In case streaming music from your PC or serving up your entire music collection from one location to your home theater system isn't enough for you, Yamaha gives you the ability to stream music wirelessly from the MCX-2000 music server to 15 clients (up to 5 wirelessly) independently and simultaneously.

clip_image023_002.jpg MCX-A10 Client

The wireless MCX-A10 main use is for locations where it makes it cost prohibited to run new Cat-5e cables. Older constructions and condos or apartments that a customer does not want to run cables to run multi-zone audio would opt for this solution.

LAN Port
The LAN port can be used in the event you want to forego the 802.11b wireless connection or desire a greater distance from the server than is possible.

You can connect an external analogue source here. This would be utilized if, for example, you were using the optional MusicCAST speakers and wanted to feed an MP3 player, computer or other audio device into the system as well.

mcxa10side.jpg LINE OUT L/R Jacks
Connect your MCX-A10 to a receiver using these 2Vrms line out jacks. These are full range line outputs.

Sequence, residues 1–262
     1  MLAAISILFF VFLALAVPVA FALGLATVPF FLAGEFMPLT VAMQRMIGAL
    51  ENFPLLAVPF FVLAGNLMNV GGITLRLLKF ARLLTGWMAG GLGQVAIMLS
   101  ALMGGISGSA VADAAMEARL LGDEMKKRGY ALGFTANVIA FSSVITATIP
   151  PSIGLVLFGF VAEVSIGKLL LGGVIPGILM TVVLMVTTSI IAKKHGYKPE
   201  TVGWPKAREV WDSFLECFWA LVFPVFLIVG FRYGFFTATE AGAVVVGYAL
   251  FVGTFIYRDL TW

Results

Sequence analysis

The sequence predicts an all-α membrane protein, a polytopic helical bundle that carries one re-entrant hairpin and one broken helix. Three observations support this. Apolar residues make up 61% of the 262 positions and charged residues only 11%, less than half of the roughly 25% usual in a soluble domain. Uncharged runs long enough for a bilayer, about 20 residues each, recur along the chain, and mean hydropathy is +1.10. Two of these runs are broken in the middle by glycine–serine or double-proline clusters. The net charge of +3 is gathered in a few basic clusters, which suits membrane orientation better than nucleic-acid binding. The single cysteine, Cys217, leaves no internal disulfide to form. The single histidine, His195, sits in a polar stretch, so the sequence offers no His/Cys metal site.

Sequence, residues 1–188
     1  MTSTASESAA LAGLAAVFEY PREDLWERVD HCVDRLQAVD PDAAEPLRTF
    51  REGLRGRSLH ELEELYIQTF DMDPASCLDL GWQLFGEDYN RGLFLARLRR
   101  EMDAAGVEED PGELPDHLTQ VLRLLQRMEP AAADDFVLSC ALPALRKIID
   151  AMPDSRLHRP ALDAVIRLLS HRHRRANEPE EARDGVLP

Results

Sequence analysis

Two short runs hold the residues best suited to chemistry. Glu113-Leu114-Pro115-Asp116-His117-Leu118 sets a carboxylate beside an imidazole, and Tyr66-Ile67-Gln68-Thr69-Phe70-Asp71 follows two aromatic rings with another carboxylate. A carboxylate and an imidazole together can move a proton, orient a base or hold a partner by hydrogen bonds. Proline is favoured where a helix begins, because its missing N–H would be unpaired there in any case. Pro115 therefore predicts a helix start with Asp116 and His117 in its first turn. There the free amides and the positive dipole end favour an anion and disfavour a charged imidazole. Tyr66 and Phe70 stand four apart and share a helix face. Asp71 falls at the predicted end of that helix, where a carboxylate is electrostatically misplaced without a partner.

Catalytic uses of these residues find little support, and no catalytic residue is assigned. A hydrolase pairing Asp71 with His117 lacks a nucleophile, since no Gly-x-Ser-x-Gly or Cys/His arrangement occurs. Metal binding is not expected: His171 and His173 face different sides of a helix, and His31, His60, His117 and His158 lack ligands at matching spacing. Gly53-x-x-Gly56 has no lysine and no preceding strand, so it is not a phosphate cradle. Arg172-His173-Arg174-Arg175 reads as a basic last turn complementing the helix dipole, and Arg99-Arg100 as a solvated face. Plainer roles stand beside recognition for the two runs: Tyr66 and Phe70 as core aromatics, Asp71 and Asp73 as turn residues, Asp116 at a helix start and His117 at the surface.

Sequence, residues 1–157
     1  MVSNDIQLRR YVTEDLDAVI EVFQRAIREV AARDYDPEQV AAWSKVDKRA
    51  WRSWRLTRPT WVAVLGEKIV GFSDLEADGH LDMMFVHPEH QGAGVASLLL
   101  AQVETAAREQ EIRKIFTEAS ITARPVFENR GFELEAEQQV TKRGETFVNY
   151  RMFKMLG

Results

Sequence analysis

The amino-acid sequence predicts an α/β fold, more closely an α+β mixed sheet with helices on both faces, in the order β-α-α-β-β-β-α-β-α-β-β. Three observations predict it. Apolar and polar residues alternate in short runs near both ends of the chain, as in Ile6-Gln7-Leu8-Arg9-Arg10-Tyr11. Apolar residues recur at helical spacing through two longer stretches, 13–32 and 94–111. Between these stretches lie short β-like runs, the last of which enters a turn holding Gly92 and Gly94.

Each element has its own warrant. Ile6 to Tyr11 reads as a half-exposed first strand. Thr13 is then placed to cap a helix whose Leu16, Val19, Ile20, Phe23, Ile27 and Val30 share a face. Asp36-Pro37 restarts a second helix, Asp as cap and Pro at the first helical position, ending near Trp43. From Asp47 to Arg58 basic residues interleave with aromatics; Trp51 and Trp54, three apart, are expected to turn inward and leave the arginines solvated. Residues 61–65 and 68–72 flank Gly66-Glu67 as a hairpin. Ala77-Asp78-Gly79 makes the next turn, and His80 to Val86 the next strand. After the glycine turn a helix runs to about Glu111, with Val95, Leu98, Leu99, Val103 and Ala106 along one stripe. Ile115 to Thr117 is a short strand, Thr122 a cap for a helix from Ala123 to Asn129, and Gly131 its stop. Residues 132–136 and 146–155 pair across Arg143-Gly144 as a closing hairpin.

If you are connecting the client to a receiver and speakers you can also send signal to a subwoofer via the SUBWOOFER line output. This is a variable full-range mono output, so you'll want to engage your sub's crossover and set it to the appropriate frequency for your system.

Connecting the video output of the MCX-A10 allows you to view the contents of the LCD screen on an external monitor. This is nice if you happen to be configuring the client into another home theater system (like a bedroom system) or you plan to be too far away to read the LCD display. Other than this, the LCD provides ample feedback for your configuration and playback needs.

speakers.jpg SPEAKER OUT Terminals
The spring-clip speaker terminals are rated to drive 17W x 2 into 4-ohms and the optional speakers are very nice looking and don't sound bad for the $120 price. No they aren't going to replace your $2k/pair tower theater speakers. However, they are well constructed and weigh about 2.5 pounds each - not too shabby when you figure in the fact that a decent set of computer speakers will run you this much. I'd much rather listen to these units. Like the MCX-A10 client, the speakers can also be wall-mounted or positioned side-by-side with the main unit for a clean, elegant look.

For more details on how the wireless client system functions and performs, check out our review of the original Yamaha MusicCAST MCX-1000.

Remote Control